Yemeni President Saleh signs deal on ceding power

Yemeni President Ali Abdullah Saleh appeared jovial as he put pen to paper

Yemeni President Ali Abdullah Saleh has signed a deal under which he will step down after months of unrest.

Mr Saleh signed the agreement, brokered by Yemen's Gulf Arab neighbours, in the Saudi capital, Riyadh.

Under the plan, he will transfer his powers to his deputy ahead of an early election and in return will get immunity from prosecution.

But protesters rallying in the Yemeni capital, Sanaa, said they would reject any deal giving the president immunity.

The demonstrators said the Gulf initiative ignored the "blood of martyrs", BBC Arabic correspondent Abdullah Ghorab in Sanaa reports.

Analysis

Despite high hopes for the peaceful implementation of the transition deal, there are still multiple opportunities for the process to be de-railed.

Saleh's son, Ahmed Ali, is unlikely to relinquish his command of the elite Republican Guard without significant regional and international pressure.

Meanwhile, Ahmed Ali's rivals - General Ali Mohsin and the Ahmar family - retain armed divisions controlling the northern and western suburbs of Sanaa.

Even if Yemen's rival elite factions agree to lay down their arms, the lack of trust between politicians in the ruling party and the opposition coalition may also prove impossible to overcome.

Last but not least, the youth protesters - who first took to the streets in February calling for Mr Saleh to stand down - show no signs of leaving their sprawling encampment in Sanaa.

They are angry that the deal includes an immunity guarantee for Mr Saleh and his allies.

A crackdown on anti-government protests, which began in February, has left hundreds of people dead and thousands wounded in Yemen.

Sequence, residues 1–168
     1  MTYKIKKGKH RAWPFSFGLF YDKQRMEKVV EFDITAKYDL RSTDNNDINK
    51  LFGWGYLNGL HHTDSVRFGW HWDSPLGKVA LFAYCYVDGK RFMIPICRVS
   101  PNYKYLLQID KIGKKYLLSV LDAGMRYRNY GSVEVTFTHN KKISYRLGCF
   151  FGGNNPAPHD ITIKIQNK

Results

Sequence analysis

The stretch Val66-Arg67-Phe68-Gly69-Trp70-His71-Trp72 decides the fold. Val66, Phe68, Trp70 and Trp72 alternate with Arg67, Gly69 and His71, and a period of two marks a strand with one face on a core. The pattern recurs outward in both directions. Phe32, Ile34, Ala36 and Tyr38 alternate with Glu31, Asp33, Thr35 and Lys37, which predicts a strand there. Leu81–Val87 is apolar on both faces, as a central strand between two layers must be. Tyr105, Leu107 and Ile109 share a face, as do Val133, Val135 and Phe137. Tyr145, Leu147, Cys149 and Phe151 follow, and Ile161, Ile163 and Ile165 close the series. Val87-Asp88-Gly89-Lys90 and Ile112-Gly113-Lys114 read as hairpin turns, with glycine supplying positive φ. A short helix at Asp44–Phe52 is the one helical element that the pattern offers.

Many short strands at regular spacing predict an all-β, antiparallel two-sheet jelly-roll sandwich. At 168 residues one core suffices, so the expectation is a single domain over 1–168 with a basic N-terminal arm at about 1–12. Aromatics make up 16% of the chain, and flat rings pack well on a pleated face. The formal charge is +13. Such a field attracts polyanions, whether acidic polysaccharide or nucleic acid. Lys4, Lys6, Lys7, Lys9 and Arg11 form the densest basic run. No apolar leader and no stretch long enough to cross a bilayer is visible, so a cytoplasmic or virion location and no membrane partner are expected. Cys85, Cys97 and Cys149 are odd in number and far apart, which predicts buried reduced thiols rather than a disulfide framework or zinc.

The 69-year-old leader - who has ruled since 1978 - came close to signing the deal several times in the past, only to pull out at the last minute.

Meanwhile, clashes broke out between pro-Saleh troops and gunmen loyal to dissident chief Sheikh Sadiq al-Ahmar in Sanaa on Wednesday.

No casualties were immediately reported in the fighting in Sanaa's al-Hasaba district.

Mr Saleh signed the agreement in the presence of Saudi King Abdullah and other senior Saudi officials after flying to Riyadh on Wednesday morning.

Under the plan, the president will hand over power to deputy Abdrabuh Mansur Hadi in return for immunity from prosecution.

Mr Hadi is then expected to form a national unity government and also call for early presidential elections within 90 days.

The deal envisages that Mr Saleh will remain an honorary president for three months after signing the agreement.

In Riyadh, Mr Saleh pledged to co-operate with the new government which would include the opposition.

He also called on all Yemenis to be partners in rebuilding the conflict-torn country.

The breakthrough comes after intensive talks in Yemen by the UN envoy to the country, Jamal Benomar.

Treatment in New York

In June, Mr Saleh survived an attack on his compound in Sanaa and then flew to Saudi Arabia for medical treatment.

Anti-government protesters during a demonstration in Sanaa The Yemeni government has been facing popular protests since the beginning of the year

He returned to Yemen in September.

On Wednesday, he said he would go to New York to continue treatment.

UN Secretary General Ban Ki-moon said: "If he [Saleh] comes to New York, I'll be happy to meet him."

Mr Ban added that he was "encouraged by the positive development of the situation in Yemen".

What began as peaceful protests against President Saleh has increasingly degenerated into armed conflict involving different tribes and militias.

Five or six provinces are no longer under government control.

Mr Saleh - who had unified North and South Yemen in 1990 - had long argued that he was the only man who could control his politically and socially divided country, the BBC's Sebastian Usher says.

But in one of the poorest countries in the world, he was unable to provide the basic necessities for many Yemenis, who accused him of corruption and mismanagement, our correspondent adds.

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